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DIE SCHUTZBEFOHLENEN
by Elfriede Jelinek

Drama

When a group of asylum seekers gathered in front of the Votive Church in Vienna in 2012 to protest the unbearable living conditions in the camp assigned to them, the author Elfriede Jelinek climbed a nearby perch and drew the public's attention to the unannounced visit of a true rarity: “Human dignity is also just around the corner, here it comes! Take a photo, quickly, before it's gone again!” But nobody pressed the shutter release. And so human dignity was gone with the wind and Jelinek filled the resulting void with an angry and virtuosic tirade about the unprecedented chain reaction of humanitarian failure on Europe's external borders. Again and again, Jelinek, winner of the 2004 Nobel Prize for Literature, cross-fades her text with Aeschylus' tragedy The Suppliants and has added five additional chapters over the past several years. Charges (The Supplicants) was never a play of the moment, but rather the beginning of a long-term theatrical observation that’s still awaiting its final results. One thing, however, can be said without a doubt: Human dignity hasn't re-appeared in the intervening period. And neither is it in sight. Reason enough for director Stefan Pucher to take a closer look at Jelinek's text and consider all the parts added between 2012 and 2016. And who knows, maybe she'll write a completely new appendix in the months to come. It would be welcome. And sorely needed.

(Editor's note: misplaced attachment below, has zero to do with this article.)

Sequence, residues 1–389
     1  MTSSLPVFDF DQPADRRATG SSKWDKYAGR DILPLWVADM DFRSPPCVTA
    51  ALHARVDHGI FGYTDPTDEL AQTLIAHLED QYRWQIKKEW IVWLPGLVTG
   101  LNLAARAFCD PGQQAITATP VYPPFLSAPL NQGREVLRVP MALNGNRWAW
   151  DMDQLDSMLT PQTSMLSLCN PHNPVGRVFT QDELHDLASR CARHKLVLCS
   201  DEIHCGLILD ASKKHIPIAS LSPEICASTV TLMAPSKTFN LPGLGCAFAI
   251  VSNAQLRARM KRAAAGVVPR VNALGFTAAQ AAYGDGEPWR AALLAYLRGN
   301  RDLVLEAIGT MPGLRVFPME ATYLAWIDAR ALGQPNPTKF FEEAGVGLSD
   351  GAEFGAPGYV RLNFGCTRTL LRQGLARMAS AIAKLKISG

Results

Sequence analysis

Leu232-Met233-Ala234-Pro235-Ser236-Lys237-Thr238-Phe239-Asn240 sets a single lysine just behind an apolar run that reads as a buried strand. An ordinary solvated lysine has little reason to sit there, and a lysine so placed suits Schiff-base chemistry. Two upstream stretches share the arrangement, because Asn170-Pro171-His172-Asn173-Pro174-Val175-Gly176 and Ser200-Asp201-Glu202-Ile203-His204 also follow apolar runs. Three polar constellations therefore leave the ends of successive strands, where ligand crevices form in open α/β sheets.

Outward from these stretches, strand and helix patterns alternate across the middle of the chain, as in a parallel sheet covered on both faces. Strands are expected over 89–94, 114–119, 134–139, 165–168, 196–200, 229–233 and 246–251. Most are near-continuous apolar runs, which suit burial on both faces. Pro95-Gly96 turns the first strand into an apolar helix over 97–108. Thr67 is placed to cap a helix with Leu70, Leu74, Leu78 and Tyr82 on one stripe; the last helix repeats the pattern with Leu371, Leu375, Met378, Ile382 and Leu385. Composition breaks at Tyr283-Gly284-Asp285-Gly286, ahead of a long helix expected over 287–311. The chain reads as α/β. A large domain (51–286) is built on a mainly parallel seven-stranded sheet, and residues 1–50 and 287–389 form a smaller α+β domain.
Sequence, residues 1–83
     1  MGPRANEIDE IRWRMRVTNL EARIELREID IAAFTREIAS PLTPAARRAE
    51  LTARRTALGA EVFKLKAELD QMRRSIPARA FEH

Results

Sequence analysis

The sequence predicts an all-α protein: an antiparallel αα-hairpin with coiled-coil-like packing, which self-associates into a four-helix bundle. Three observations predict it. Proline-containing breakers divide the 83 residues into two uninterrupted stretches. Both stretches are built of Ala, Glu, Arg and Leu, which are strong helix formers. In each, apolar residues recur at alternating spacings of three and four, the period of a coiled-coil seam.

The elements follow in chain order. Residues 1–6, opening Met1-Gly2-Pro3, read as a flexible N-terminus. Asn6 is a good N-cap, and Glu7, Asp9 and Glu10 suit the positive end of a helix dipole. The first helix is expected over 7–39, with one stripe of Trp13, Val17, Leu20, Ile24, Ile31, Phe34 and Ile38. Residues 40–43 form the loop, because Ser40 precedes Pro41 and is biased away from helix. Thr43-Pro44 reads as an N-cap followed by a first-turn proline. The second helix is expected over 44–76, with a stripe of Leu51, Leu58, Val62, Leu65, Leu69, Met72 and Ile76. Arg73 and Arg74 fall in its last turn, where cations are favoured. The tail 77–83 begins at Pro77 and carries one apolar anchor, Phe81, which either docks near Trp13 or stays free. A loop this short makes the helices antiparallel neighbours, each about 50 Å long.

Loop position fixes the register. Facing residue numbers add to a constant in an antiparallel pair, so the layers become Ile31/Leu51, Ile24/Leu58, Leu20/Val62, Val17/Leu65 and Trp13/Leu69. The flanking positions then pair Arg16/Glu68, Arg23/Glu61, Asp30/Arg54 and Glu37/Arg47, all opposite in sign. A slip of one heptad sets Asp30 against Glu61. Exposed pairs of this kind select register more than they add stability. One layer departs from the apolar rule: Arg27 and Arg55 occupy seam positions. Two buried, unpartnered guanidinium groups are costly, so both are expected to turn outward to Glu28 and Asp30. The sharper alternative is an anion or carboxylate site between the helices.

Cast
Director: Stefan Pucher
Stage design: Barbara Ehnes
Costumes: Annabelle Witt
Music: Christopher Uhe
Dramaturgy: Malte Ubenauf

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